The commentators regard this expression as figurative and by adding to and embellishing the text they distort everything, and do not preserve the true sense. Their misinterpretations quite spoil the meaning. Thus the wrong explanations are transmitted to posterity uninterruptedly, and fanciful comments obscure the truth ever since.
Intelligent persons wishing to understand the Canons do not go back to the original meanings, and even if they do, they still compare the old commentaries, and adopt the old explanations, which have been several times repeated, and look upon them as proofs. What has been handed down about the Canons cannot be relied upon, for the erroneous statements about the Five Canons are very numerous. The facts and the texts of the Shuking and the Ch`un-ch`iu are comparably plain and intelligible, therefore my remarks apply especially to them.
1. The Five King or ancient Classics: Yiking, Shiking, Shuking, Liki, and Ch`un-ch`iu.
2. A scholar of great learning.
3. The capital of Shantung.
4. The Shi-chi chap. 121, p. 8 says "in a wall."
5. 156-141 b.c.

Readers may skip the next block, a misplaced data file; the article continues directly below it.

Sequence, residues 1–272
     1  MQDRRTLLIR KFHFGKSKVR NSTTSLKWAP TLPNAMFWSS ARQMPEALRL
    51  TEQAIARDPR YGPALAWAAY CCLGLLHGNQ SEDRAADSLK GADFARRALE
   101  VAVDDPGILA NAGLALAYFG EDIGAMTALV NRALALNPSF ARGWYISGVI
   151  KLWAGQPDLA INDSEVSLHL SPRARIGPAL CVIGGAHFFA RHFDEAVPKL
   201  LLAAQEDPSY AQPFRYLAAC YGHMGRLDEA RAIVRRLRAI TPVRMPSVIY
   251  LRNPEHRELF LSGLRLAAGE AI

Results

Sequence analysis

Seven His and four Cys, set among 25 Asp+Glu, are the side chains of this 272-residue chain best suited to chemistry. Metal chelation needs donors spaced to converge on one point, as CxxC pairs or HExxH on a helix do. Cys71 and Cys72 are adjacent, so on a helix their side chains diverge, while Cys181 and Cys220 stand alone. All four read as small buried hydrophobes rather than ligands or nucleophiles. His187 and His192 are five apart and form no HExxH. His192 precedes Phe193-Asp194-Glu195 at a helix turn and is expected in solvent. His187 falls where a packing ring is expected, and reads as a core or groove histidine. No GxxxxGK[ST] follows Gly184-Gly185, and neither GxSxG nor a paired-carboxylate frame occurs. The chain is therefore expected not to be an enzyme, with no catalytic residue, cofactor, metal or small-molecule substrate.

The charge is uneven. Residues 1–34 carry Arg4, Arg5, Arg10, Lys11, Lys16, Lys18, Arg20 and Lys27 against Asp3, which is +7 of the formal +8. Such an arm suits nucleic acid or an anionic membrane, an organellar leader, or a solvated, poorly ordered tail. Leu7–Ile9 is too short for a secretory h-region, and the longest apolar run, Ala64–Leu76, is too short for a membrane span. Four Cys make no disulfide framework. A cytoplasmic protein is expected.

6. 73-49 b.c.
7. A city in Huai-ch`ing-fu (Honan).
8. In 156 b.c.
9. A son of the Emperor Ching Ti, who in 154 b.c. was made Prince of Lu.
10. In addition to these hundred chapters of the Shuking, a Li(ki) in 300 chapters, a Ch`un-ch`iu in 300 chapters and a Lun-yü in 21 chapters were brought to light. Cf. Lun-hêng XX, 4v. (Yi-wên).
11. 32-7 b.c.
12. A place in Huai-an-fu (Kiangsu).
14. Tse Lu and Tse Kao were both disciples of Confucius.
15. A place in Shantung.
16. Analects XI, 24.
17. On the burning of the books cf. p. 490.
18. This is a misprint. It was the 34th year (213 b.c.). See the Shi-chi chap. 6, p. 21v. and p. 490.
19. An official title under the Ch`in and Han dynasties.
20. A noble of the State of Ch`i, who in 481 b.c. put to death the reigning sovereign Duke Chien, and usurped the government of the State with the title of chief minister.
21. The chiefs of the six powerful families in Chin who struggled for supremacy. Three of these families were destroyed during these struggles, the remaining three: Chao, Han and Wei in 403 b.c. divided the Chin State among them.